Meet Darcie Jones, RIT’s Student Government president

Darcie Jones aims to better connect with students and encourage more participation

Travis LaCoss/RIT

Darcie Jones, this year’s Student Government president, wants to see more student involvement.

Darcie Jones exceled at science and math while growing up, so her father urged her to pursue engineering.

“I was like, ‘Oh, that’s gross. Why would I do that?’ Then there was an aerospace engineering class I took as a sophomore in high school. And I just fell in love,” she said.

A visit to Rochester Institute of Technology locked engineering in her future.

“I came for a tour and I remember walking next to the Brinkman Machine Tools and Manufacturing Lab in the Kate Gleason College of Engineering and I just stopped and stared and the whole tour kept walking around the corner.”

Jones, a fifth-year mechanical engineering major from Reading, Pa., is this year’s Student Government president, representing more than 19,000 students on RIT’s Henrietta and overseas campuses. There were four sets of candidates this year, the most in recent history. This year’s Student Government vice president is J.T. Lapham, a fourth-year biochemistry major from Queensbury, N.Y.

Jones remembers what it was like being a new student at RIT and feels that will help her relate to what this year’s new students may be experiencing. Her advice to them: “Get involved and embrace change. There’s going to be a lot of change, and I was always afraid of change. But it’s actually all good.”

Jones and Lapham campaigned on a platform they call the Three C’s:

Collaboration: Bring back Project SpiRIT, which will reward students to attend RIT-sponsored events. The program, originally launched in 2016, is intended to promote more student activity at events by having them earn points for each event they attend. Those points may be redeemed for prizes.

Communication: Help students better understand what Student Government does, with weekly updates, a frequent newsletter, and showing more day-to-day activities in Student Government, perhaps by following a senator’s day on Instagram. This could also help get more students involved in various committees.

Change: Reestablish a deaf advocacy committee in Student Government. Last year, that committee merged with their accessibility committee. “We found out there are a lot of accessibility needs. And we found out there are a lot of needs of deaf individuals. So we want to reestablish that committee. And I want to work with Career Services to make the career fair a lot better for non-technical majors,” said Jones.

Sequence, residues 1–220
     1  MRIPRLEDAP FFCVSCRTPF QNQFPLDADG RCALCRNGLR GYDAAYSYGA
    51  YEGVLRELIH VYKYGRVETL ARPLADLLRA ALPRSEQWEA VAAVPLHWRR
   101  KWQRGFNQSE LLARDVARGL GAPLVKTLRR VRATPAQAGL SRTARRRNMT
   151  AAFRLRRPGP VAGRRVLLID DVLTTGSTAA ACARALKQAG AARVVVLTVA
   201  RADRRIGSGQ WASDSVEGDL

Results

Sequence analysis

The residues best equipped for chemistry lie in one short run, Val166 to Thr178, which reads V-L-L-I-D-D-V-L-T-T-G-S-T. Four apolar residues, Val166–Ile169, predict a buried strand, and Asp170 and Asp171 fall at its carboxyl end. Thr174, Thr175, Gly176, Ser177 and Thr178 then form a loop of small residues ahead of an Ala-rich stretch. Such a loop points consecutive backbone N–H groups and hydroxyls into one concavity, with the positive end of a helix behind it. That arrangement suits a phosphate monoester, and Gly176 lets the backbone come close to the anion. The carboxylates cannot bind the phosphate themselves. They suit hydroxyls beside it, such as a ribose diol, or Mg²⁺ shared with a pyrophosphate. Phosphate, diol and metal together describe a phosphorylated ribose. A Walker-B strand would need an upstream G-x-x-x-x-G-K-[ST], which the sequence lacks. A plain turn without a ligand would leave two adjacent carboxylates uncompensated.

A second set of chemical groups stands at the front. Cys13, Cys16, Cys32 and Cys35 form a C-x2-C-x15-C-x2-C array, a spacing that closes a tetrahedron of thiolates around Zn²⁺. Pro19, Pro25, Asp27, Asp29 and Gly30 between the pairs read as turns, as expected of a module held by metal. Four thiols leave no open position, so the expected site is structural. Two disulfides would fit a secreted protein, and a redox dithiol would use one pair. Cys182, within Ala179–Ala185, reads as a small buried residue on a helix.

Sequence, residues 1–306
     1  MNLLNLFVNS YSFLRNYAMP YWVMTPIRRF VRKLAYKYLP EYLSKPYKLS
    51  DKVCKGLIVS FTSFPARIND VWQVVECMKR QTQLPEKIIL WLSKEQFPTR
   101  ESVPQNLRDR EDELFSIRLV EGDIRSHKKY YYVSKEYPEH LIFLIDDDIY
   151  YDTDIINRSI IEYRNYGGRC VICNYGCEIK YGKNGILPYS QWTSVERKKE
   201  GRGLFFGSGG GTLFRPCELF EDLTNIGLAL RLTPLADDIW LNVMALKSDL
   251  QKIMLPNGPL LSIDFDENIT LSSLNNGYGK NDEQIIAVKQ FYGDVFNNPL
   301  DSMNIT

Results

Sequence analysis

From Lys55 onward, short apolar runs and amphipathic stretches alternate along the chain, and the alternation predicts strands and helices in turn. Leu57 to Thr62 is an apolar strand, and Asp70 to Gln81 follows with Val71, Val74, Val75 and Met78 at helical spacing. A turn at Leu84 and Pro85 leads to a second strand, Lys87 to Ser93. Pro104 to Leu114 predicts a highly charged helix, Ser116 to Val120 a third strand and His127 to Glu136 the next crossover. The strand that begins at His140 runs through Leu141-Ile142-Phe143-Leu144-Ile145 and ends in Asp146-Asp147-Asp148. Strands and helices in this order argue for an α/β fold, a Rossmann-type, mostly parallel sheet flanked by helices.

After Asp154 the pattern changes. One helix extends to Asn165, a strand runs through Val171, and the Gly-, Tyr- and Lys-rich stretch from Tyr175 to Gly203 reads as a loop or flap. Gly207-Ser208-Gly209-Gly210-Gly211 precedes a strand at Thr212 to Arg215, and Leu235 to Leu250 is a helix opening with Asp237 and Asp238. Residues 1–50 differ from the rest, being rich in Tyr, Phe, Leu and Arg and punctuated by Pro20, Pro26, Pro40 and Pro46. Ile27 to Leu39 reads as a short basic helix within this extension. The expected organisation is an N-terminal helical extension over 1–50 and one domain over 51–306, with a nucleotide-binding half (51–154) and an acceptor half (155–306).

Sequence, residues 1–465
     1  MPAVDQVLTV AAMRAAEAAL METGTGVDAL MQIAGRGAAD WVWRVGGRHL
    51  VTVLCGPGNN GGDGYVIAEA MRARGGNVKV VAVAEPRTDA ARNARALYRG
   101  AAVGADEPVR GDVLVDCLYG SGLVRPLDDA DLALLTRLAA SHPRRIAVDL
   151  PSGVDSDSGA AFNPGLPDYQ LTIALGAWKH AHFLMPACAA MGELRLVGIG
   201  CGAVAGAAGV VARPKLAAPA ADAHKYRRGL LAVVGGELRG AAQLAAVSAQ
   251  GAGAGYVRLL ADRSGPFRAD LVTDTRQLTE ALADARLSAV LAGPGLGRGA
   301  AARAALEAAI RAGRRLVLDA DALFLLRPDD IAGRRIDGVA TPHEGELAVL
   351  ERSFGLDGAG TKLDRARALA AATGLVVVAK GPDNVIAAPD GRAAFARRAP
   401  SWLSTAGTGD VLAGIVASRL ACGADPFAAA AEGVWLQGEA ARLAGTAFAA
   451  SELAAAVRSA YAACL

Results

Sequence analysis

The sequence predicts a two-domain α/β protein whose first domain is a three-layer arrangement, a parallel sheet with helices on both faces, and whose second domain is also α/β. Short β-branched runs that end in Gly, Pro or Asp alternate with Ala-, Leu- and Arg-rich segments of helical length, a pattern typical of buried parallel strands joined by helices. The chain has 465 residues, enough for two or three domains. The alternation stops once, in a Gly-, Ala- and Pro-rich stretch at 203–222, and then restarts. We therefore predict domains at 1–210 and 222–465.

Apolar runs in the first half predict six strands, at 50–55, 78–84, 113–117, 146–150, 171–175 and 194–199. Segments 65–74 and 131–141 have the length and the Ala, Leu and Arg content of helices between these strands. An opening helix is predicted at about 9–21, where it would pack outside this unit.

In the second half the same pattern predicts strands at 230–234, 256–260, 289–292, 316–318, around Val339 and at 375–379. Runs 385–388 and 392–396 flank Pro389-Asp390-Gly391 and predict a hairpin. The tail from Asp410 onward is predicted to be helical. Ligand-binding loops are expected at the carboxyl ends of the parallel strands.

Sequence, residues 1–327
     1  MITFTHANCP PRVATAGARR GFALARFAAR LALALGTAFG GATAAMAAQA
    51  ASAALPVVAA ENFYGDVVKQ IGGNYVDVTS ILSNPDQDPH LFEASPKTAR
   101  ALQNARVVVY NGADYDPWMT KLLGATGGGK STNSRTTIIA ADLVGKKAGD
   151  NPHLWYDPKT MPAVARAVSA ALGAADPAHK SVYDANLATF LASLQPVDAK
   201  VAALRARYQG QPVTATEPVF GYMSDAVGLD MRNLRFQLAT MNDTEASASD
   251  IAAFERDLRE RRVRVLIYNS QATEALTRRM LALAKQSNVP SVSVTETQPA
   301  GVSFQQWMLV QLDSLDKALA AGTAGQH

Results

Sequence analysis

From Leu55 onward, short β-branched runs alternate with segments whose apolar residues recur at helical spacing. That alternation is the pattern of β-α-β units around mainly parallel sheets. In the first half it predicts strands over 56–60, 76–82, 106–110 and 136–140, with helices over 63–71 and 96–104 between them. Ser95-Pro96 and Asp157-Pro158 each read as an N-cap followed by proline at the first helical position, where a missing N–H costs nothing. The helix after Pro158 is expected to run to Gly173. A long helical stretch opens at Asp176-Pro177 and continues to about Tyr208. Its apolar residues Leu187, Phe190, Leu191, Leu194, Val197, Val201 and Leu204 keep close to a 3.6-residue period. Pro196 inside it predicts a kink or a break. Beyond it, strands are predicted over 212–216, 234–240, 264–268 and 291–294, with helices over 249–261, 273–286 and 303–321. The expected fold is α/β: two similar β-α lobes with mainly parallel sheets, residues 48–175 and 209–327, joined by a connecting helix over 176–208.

Her involvement in Student Government began last year, when she applied and became the senator representing the College of Engineering.

“I applied on a whim,” she said. “I thought, ‘Wow, it would be cool to be in Student Government someday.’ I was away at co-op, feeling very alone, and I wanted to make new friends and make new connections. So I figured Student Government was the way to go.”

She ran for president this year because she felt that during her time in Student Government last year, “I didn’t think that we did enough with our power. We have a seat at the table all the time, but we didn’t always do anything with it. I’m passionate about a lot of different things myself, a lot of issues people brought to me last year, so I was like, ‘the best way to make a change is to run for president.’”

Her array of ideas span several topics because she’s been in tune with many students throughout her college career. She welcomes interacting with even more students this coming year.

“I’m pretty open,” she said. “I know a lot of people in a lot of different walks of life. I have international students in my classes. I have a lot of friends on varsity sports teams and I learn a lot about their issues, as well as from the College of Engineering. I was really connected with a lot of the senators from last year, from all the different colleges, so I got to learn all about what’s on their minds.”

Jones played goalie for four years on the women’s varsity soccer team, making it to the NCAA tournament for the fourth time ever, and winning their first playoff game on campus.

Other than soccer, in her spare time, Jones calls her mother almost every day to ask her “a million questions about life.” She loves to watch reality competition shows such as The Amazing Race, Big Brother, and Survivor and is a huge Minnesota Vikings fan (because her dad is). She planned to watch last year’s game with her boyfriend against the Bills in Buffalo, but had to miss it to play in the NCAA soccer tournament.

She drinks a lot of coffee and is a proud Swiftie. Jones and her sister, Delaney, attended a Taylor Swift concert in Philadelphia in May.

And she has already met with many RIT administrators, as well as RIT’s chairman of the Board of Trustees, Jeff Harris.

“They all seem eager to hear anything I have to say and are really open to anything, which is nice,” she said.

“I already have meetings all the time. It’s like I’m double working this summer. At my co-op, I have a double monitor. One is for my actual work, and one is for Student Government. My boss walks over and asks, ‘What’s going on in the Student Government world today?’”

Jones knows this last year for her at RIT will go fast. And she’s already had three companies reach out to her to start her career with them upon graduation.

But she has some work to do as Student Government president before that happens.

“I think, ‘Oh, my God, I’m actually doing this,’” she said. “I’m really excited.”

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